OTTAWA – The federal government plans to spend $7 billion over the next decade to help ease the burden of child care costs, part of a slew of new long-term spending targeting families.
The details outlined in Wednesday’s federal budget estimated that child care spending could create 40,000 new, subsidized daycare spaces countrywide over the next three years, representing a bump of less than 10 per cent in the overall number of spaces, although it’s unclear how the Liberals came to that figure.
The budget said the money could also help thousands of parents more easily enter the labour force, particularly women, much as it did in Quebec after that province introduced a subsidized daycare system.
The potential new spaces and reduced child care fees would come just in time for 2019, when the Trudeau Liberals face re-election, and build on the extra money the Liberals gave to families last year through a new child benefit. At a cost of about $23 billion a year, the income-tested child benefit eats up under 10 per cent of the federal budget.
The Liberals would also have a carrot to dangle in front of families during the election as the child care funding would hover around $550 million a year for the next five years and then jump to approximately $800 million annually between 2022 and 2028. That’s about one third of what the Paul Martin Liberals promised provinces the last time the federal government made a significant foray into the child care system.
“It has been a long time since we’ve seen federal leadership in this area but we are disappointed the budget is not more ambitious in its spending especially at the start of the 10-year period,” said Morna Ballantyne, executive director of the Child Care Advocacy Association of Canada.
Andrea Mrozek, director of the faith-based think-tank Cardus Family said the money acts as a form of “soft coercion” for families to send their children to daycare and mothers to get back to work faster than they may wish.
“Rather than expanding options that increase the good for particular families, the government paints families into a corner by favouring one particular option,” she said.
Exactly how the money will be spent will be subject to negotiations between federal, provincial and territorial governments and on how much the federal government wants to push the provinces on the issue of affordability, said David Macdonald, senior economist at the Canadian Centre for Policy Alternatives who studies child care costs.
Federal officials said the money could be spent on building child care centres, fee subsidies for parents, or wage subsidies for providers among other options to address the cost of child care that in some cities costs more than $20,000 a year. It’s also unclear if the money will go to for-profit or home-based day cares.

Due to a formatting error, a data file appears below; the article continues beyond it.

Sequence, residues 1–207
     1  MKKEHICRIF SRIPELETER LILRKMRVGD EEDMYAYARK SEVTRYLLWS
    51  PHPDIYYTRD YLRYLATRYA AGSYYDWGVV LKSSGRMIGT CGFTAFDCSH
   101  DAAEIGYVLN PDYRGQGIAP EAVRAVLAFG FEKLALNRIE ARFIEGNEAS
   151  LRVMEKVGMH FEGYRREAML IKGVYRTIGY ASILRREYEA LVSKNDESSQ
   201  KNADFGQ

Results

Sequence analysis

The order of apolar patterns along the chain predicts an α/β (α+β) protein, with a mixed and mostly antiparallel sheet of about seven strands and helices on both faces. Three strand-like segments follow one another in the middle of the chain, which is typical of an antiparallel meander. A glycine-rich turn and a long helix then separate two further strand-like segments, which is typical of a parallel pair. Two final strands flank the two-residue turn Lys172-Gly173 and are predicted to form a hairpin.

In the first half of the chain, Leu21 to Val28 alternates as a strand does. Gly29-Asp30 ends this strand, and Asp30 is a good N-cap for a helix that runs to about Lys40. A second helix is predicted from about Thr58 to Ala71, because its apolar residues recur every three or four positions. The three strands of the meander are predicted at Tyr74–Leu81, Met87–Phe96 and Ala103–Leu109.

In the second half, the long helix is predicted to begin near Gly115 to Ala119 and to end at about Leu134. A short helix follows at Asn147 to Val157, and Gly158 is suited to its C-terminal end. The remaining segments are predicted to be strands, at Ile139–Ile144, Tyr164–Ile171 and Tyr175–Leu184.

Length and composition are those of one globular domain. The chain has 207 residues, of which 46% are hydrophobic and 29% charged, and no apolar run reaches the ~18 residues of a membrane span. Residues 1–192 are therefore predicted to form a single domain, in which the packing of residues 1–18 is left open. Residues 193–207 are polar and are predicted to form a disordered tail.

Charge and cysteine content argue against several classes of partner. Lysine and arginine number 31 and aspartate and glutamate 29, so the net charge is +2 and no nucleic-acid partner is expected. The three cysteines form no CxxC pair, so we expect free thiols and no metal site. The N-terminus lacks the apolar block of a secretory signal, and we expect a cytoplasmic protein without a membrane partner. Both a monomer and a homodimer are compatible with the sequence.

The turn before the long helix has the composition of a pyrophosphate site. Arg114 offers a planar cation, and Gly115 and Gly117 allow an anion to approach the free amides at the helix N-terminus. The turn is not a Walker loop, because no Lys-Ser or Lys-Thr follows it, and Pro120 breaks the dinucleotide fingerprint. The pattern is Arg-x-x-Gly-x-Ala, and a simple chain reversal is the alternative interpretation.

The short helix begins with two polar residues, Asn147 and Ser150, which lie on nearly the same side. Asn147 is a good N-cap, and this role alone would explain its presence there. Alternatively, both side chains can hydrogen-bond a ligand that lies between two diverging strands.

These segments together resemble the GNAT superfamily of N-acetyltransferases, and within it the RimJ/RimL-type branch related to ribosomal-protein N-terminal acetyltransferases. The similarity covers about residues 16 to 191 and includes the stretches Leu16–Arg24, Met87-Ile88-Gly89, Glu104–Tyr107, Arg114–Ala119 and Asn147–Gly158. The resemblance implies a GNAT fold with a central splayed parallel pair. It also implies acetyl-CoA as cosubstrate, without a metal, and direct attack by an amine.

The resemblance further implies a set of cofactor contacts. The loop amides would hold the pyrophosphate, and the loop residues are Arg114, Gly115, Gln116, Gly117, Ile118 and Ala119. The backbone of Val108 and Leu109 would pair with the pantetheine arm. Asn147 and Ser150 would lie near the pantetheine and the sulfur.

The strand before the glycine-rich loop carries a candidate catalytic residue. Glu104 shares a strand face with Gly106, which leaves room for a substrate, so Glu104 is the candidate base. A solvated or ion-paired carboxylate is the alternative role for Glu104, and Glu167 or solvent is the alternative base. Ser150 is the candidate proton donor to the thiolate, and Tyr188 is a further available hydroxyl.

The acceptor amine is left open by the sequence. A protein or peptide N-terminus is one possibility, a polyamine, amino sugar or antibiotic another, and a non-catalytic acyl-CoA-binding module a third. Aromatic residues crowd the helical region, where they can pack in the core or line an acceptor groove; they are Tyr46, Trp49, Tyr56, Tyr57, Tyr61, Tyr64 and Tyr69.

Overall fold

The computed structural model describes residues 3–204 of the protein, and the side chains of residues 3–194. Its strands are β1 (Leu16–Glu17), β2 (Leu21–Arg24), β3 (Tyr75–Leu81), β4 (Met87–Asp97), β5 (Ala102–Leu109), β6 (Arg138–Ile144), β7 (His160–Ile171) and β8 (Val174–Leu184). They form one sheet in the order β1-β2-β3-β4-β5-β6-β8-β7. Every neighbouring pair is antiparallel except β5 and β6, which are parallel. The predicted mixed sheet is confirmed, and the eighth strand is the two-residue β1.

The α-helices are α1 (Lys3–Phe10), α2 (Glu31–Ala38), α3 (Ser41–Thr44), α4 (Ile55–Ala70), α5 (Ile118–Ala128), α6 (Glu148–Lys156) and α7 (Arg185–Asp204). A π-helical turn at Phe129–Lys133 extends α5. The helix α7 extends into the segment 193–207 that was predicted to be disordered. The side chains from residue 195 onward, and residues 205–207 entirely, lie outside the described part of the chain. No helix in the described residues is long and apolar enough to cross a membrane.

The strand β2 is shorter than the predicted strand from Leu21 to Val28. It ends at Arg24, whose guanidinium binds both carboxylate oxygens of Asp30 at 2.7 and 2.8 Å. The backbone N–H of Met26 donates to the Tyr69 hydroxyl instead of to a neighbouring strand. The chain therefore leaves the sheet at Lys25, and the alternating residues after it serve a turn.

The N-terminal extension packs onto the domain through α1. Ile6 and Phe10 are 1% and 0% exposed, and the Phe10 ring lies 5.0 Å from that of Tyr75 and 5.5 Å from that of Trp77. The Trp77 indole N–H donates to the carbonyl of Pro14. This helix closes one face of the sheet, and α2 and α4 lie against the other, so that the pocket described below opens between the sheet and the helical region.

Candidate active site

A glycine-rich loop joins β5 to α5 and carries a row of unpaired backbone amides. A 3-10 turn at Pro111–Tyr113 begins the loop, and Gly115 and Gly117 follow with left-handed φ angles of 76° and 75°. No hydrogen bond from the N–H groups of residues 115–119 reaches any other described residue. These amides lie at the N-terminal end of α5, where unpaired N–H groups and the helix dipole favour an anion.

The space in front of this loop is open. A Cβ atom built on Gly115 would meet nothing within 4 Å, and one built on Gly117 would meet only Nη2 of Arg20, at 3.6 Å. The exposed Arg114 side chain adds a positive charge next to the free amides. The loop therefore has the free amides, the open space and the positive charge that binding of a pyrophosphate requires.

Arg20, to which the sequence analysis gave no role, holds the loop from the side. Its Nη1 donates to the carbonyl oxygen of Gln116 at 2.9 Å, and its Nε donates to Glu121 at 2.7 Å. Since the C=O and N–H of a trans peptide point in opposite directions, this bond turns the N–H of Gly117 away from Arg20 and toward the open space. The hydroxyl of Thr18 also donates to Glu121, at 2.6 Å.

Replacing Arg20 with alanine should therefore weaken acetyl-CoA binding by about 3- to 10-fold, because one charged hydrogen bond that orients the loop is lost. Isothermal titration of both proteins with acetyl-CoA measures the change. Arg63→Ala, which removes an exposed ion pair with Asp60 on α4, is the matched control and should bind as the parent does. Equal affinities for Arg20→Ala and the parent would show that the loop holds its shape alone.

NDP Leader Tom Mulcair said the budget doesn’t promise new child care spaces, only the possibility of 40,000 even though there’s a need for hundreds of thousands of spaces nationwide.
The child care spending is one of several measures the Liberals are enacting as part of a push to get more women into the workforce, and politically win over families who may have lingering financial concerns about how to pay the bills.
The budget extended parental leave to 18 months by spreading 12 months worth of payments over that time. And it lets expectant mothers begin claiming maternity benefits up to 12 weeks before their due date, an increase from the current eight weeks but short of the 15 weeks envisioned in a bill from Liberal MP Mark Gerretsen, which heads to committee for review starting Thursday.
The budget doesn’t include dedicated leave for the second parent, something the Liberals had openly mused about doing. Nor does it increase parental leave benefits to make it easier for low-income earners to be able to afford to take leave.
The parental leave measures will cost the government about $30 million a year over the next five years. Moving up the start date on the maternity benefit will cost about $8.6 million more per year over the same period.
Those measures, among others, will require an increase in employment insurance premiums paid by workers and employers, starting next year.
The Liberals’ second budget also expands eligibility for student loans and grants, so part-time students who support families can more easily access funding to help them enter or re-enter the workforce, at a cost of about $167 million over four years.
Both measures will be in place for the 2018-2019 academic year.
The budget also includes $287.2 million over three years starting next year for a pilot project to test changes to student loan and grant rules to help more adults return to school.
— Follow @jpress on Twitter.